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When it comes to data and internet policy in Canada, the most generous way to describe the current regime is as a vacuum.

Our privacy laws are antiquated, the regulatory system is still centred on outdated notions of broadcasting from the few to the many, and our national infrastructure is a messy hodgepodge that is growing without a coherent, encompassing vision.

How to fill this vacuum?

The government of Canada recently announced a national public consultation on “digital and data transformation,” and ideas are already coming from industry types, academics and policy experts. Not all of them are good.

The Canadian Radio-television and Telecommunications Commission, for instance, unveiled a few in a report called Harnessing Change. They mostly miss the mark.

For starters, the broadcast regulator’s centrepiece is an internet tax on, well, everything – sounds, words, images.

That approach is misguided, not to mention dated. As University of Ottawa law professor Michael Geist pointed out last spring, the CRTC is trying to treat new-school tech ills with an old-school cultural-policy salve.

What is needed is an entirely bespoke approach, one that sees the internet for what it is: an essential service, akin to a modern utility.

Today, an internet connection is as central to most people’s lives as power lines, gas mains and municipal water pipes.

According to Statistics Canada, 91 per cent of Canadians aged 15 and older used the internet more than once per month in 2016. Three quarters of us own a smartphone; 80 per cent of us own three or more connected devices.

But while connectivity is seen as one of life’s basic necessities by users, the internet technology sector fancies itself a singular kind of business, qualitatively different from past human endeavours.

There is some truth to that – no other industry in history has made the sum of human knowledge instantly available to billions of people. None has transcended national borders in quite the same way, either.

This culture of exceptionalism has spawned the deeply held fiction that the internet is somehow – and must remain – a pure, post-regulatory environment.

Well, no. Those who wish most ardently for the free flow and availability of data tend to be those who stand to profit most handsomely from the idea.

The early days of the World Wide Web were liberating precisely because they expanded people’s options and broke down old barriers. But today those options are narrowing.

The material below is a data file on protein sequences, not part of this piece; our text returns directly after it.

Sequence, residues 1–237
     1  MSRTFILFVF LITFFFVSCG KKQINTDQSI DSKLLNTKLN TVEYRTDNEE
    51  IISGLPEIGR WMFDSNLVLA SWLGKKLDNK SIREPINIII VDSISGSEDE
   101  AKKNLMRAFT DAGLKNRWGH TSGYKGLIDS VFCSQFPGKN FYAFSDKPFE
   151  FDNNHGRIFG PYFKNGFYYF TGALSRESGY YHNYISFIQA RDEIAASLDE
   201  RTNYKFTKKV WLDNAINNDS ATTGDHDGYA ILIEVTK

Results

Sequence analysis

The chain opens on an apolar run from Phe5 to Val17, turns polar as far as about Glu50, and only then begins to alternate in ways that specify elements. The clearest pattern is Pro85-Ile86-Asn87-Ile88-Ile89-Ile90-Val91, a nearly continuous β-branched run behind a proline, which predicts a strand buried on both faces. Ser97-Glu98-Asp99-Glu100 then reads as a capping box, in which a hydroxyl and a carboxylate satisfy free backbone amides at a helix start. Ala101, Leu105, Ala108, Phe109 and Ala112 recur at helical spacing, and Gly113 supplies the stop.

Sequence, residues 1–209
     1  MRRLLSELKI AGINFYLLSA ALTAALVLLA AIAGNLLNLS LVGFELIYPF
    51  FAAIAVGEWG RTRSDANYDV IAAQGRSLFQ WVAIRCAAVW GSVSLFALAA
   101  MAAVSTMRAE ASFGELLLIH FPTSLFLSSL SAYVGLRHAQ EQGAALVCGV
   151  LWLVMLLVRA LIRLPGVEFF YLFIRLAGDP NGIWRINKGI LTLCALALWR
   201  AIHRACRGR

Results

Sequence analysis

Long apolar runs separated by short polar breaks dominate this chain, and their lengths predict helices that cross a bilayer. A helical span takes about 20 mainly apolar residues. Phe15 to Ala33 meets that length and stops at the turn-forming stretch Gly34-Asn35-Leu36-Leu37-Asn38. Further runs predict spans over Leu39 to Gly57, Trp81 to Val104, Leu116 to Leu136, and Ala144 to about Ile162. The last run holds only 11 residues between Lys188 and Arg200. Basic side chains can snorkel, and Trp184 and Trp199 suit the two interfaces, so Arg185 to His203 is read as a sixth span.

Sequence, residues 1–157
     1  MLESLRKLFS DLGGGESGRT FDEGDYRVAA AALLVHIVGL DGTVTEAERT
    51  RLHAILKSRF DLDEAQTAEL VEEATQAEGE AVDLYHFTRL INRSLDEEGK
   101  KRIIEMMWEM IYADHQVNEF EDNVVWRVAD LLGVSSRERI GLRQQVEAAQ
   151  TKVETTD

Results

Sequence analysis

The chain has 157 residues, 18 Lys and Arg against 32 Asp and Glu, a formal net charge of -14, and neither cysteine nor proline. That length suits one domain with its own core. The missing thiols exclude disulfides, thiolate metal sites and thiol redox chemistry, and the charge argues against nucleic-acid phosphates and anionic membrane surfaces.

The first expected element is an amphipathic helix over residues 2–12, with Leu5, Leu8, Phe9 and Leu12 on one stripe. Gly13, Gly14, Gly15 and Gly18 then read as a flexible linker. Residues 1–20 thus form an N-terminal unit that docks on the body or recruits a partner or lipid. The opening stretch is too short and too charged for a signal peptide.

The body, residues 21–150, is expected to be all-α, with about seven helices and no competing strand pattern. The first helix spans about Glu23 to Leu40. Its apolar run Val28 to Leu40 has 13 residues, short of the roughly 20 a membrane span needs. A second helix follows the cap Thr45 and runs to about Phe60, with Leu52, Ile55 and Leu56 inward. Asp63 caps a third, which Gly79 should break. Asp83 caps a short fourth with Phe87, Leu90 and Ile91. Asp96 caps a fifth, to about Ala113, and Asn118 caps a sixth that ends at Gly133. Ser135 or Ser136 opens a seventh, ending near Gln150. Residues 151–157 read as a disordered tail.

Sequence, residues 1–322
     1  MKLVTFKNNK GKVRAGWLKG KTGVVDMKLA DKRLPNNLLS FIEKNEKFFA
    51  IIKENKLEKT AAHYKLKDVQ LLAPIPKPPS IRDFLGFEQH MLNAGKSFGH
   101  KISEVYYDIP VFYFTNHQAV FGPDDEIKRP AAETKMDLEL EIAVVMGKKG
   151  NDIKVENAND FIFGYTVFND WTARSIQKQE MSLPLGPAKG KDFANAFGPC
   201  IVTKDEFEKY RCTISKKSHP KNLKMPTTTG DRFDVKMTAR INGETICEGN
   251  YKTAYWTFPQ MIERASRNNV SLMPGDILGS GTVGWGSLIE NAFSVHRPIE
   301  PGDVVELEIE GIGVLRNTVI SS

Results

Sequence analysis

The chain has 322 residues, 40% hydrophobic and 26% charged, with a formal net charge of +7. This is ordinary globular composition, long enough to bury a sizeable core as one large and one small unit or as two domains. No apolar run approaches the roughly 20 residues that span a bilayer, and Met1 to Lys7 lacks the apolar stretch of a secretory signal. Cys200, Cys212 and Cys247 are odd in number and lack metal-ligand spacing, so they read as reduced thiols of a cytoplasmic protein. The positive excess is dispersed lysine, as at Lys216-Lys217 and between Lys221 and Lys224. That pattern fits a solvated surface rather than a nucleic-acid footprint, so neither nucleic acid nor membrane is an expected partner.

The Harvard legal scholar Lawrence Lessig suggested way back in 1998 that the internet was moving from an “architecture of freedom” to an “architecture of control.” He was right, but the control belongs not to governments, as he and others initially feared, but to companies.

This is true both of the “pipes” and the content that flows through them. Canadians’ options in terms of internet providers are sharply limited and relatively costly. And once Canadians begin surfing, the space is increasingly dominated by Google, Facebook and Amazon.

Those big internet players are monolithic and monopolistic, but they are not subject to anywhere near the kind of oversight reserved for other such industries.

We regulate mining, railways, the oil industry, financial services and agriculture – there are even regulations and laws governing pursuits like the sex trade.

There is no persuasive case for why the internet should be different. Which raises the question of what Canada’s internet regulatory environment should look like.

Mr. Lessig proposed a theory of internet regulation in which individuals are governed by laws and market forces, yes, but also by social norms and, more crucially, system architecture – hence his expression “code is law.”

Computer code is written by humans and can be constantly reshaped and remade. Effectively regulating the internet will require not incrementalism – this law or policy to solve that specific problem – but a long-term vision based on the fluid architecture of the online world.

We are still at the stage of deciding how to narrow our options, and the alternatives are many. We will lay some of them out in our next editorial.

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